Daily Archives: June 25, 2019

AI: Applied Indirection Part III.B

Again, since we are in the situation where most claims of AI are just Applied Indirection to the lack of new technology being offered by the platform which is wrapping up old tech in a new UX with a little bit of RPA and, hopefully, better canned reporting and analytics, we are diving into the different levels of analytics to help you understand where AI might be and, more importantly, where it definitely isn’t. Because you don’t want to shell out six or seven figures (or more) for a “modern” solution that is actually only “modern” in the literary sense of the word (which defines the modernist period that started around 1900 and ended around 1965). And we’re not exaggerating here … some of the core statistical algorithms that form the foundation for a few of the bigger name analytic systems on the market date back to the 60s (and even 50s). (In other words, even the old grey beards who remember working on the last of the mainframes forty years ago wouldn’t have thought these techniques new back then.)

Yesterday we covered the first two levels of analytics. The next three are:

Level 3: Predictive

This is what most of the “advanced” analytic solutions on the market offer, predictive analytics, which, when you unwrap the messaging and peel off the fancy packaging, are simply statistical trend fitting and classic trend analysis algorithms that have existed in ERP for 20+ years and MRP for 30+ years. If the price is more-or-less going up according to a slight nonlinear curve, then the price is going to be predicted against the best non-linear curve the box-of-statistical-tricks can fit the data too. And so on. Again, not even a hint of AI here.

Level 4: Prescriptive

This is where AI in its weakest form MIGHT creep into the picture. The keyword here is MIGHT. You see, a prescriptive software application takes the results of a predictive analysis and makes recommendations on what you should do to improve the situation. However, there are two categories of recommendations here. The first category, which most of the applications are based on, is canned recommendations. For example, if the organization is currently spending over market price, prices are projected to go up, but demand still exceeds supply, the canned response will be an auction that invites the suppliers used in the past and highly rated alternative suppliers on the supplier network, as identified by community peers. No real intelligence, or even computation, there. The second category is dynamically computed recommendations, which may be based on a large set of rules or may actually use machine learning and dynamic computation and fall into assisted intelligence and actually make atypical recommendations when situations outside of the norm are detected due to unusual trend patterns or externally identified data (as per our example of web scraping in Part II).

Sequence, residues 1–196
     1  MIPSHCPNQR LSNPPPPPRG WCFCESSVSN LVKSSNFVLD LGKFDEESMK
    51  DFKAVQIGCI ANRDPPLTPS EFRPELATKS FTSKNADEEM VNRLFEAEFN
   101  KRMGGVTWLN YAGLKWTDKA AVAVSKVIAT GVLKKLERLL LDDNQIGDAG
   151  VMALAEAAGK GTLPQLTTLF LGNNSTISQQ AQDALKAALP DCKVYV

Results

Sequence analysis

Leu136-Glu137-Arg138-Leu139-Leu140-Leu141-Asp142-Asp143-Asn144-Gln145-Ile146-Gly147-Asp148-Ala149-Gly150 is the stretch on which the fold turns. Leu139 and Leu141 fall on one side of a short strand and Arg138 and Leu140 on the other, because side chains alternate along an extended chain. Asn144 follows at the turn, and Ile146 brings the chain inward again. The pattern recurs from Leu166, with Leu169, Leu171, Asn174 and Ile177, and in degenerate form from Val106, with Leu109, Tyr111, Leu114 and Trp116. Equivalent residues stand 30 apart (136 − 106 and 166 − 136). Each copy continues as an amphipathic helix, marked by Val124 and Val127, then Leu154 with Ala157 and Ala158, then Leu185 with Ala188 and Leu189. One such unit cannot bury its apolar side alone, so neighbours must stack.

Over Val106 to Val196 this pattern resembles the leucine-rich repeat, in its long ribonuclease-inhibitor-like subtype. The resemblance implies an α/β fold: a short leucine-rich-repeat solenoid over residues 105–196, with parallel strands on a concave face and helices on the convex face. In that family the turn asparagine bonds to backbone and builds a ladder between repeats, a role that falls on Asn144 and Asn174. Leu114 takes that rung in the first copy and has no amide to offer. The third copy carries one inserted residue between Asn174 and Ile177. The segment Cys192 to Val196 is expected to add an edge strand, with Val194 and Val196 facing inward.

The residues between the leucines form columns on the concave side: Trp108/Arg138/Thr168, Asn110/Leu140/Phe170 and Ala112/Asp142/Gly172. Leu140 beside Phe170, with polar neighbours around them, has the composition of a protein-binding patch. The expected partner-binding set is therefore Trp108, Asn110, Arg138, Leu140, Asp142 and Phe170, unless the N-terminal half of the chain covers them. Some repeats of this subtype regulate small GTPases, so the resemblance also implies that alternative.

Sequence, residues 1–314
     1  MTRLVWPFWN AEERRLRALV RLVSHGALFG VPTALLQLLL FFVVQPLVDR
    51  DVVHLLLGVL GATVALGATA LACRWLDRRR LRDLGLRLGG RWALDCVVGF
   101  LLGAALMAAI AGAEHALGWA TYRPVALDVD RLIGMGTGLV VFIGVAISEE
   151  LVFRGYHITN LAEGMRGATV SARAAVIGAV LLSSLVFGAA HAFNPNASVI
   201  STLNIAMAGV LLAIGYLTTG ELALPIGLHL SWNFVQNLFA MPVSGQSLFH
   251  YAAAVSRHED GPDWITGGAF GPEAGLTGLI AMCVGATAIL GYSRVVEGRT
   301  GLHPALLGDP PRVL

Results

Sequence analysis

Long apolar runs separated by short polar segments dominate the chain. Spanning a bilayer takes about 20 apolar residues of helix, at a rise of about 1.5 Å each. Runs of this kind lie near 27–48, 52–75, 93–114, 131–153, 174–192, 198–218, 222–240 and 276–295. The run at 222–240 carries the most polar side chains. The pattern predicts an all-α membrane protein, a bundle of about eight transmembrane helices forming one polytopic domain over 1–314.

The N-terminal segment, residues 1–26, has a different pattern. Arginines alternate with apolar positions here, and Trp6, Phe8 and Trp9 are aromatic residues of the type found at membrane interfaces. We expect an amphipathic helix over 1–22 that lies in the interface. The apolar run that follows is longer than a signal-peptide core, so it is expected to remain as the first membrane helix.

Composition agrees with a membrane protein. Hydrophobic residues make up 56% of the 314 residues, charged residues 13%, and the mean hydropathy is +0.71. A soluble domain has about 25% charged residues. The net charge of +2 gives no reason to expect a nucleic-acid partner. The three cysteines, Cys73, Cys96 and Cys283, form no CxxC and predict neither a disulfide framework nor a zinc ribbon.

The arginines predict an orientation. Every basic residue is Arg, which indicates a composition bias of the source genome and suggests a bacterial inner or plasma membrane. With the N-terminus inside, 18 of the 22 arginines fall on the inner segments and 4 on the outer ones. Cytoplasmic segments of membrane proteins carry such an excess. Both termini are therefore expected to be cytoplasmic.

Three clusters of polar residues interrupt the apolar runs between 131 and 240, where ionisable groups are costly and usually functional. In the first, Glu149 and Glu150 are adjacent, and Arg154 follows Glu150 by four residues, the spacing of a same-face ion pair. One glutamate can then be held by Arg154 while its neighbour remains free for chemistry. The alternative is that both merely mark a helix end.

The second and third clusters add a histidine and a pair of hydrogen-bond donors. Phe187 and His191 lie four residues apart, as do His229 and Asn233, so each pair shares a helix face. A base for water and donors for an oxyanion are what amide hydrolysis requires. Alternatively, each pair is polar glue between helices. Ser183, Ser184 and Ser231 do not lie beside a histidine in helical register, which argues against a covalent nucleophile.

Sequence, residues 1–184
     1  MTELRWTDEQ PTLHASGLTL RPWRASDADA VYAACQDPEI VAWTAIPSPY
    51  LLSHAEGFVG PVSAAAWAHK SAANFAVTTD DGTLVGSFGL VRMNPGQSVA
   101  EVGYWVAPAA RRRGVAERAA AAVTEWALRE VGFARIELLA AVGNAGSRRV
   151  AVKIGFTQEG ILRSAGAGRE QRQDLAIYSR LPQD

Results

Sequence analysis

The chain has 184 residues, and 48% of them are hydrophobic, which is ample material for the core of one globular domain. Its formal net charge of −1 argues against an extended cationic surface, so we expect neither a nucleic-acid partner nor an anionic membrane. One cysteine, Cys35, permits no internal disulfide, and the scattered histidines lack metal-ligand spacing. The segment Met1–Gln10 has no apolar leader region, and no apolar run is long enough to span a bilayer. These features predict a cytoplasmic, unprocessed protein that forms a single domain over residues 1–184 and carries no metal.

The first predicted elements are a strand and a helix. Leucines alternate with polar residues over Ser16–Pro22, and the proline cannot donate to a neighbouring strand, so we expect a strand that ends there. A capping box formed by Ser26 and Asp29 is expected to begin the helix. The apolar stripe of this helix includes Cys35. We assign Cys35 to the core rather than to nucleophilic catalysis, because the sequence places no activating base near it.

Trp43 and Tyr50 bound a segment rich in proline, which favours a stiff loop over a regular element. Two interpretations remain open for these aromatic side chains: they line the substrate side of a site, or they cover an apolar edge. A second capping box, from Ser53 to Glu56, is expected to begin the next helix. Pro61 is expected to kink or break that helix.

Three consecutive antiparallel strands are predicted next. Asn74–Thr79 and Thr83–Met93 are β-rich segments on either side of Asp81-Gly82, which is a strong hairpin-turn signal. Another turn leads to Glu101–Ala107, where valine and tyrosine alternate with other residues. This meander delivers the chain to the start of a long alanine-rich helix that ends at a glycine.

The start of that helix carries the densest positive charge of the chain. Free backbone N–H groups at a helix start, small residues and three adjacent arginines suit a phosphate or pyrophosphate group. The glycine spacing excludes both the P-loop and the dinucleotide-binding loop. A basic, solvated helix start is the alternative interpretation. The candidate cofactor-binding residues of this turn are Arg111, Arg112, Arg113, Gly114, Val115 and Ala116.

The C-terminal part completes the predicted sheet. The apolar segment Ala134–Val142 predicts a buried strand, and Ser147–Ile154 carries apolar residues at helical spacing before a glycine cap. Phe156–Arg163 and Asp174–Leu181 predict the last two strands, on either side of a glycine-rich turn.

Level 5: Permissive

A permissive system is a system that automatically executes a recommendation on your behalf but, contrary to manic marketing, is not autonomously intelligent. These systems are really just slick RPA (robotic process automation) systems that use a large rule base to drive workflows based upon whether or not recommendations are above a certain confidence interval, costs are within a certain bound, timelines are within reason, and so on (as configured by the vendor and the client on system implementation). More advanced systems will use analysis designed by experts to determine whether or not a certain recommendation can be automated, and then automate it with RPA if it can, and the most advanced — and these are extremely few and far between — will use Machine Learning that will record what a user does and then learn when a user is more than likely to take a certain response (based on past behavior) and when it can just begin to automate an action based on past behavior (and, in effect, define and modify it’s own automation rules). But the vast majority of systems still have no AI here whatsoever.

So, at the end of the day, while many vendors have sold their auto-classification, visibility, and prediction systems as AI — there was actually no AI under the hood and all the AI was applied indirection in the marketing organization. So, again, before buying such a system, be sure to apply a bit of logic and a sniff test. And if all you can smell is parfum de mouffette, you can be pretty sure there’s nothing there.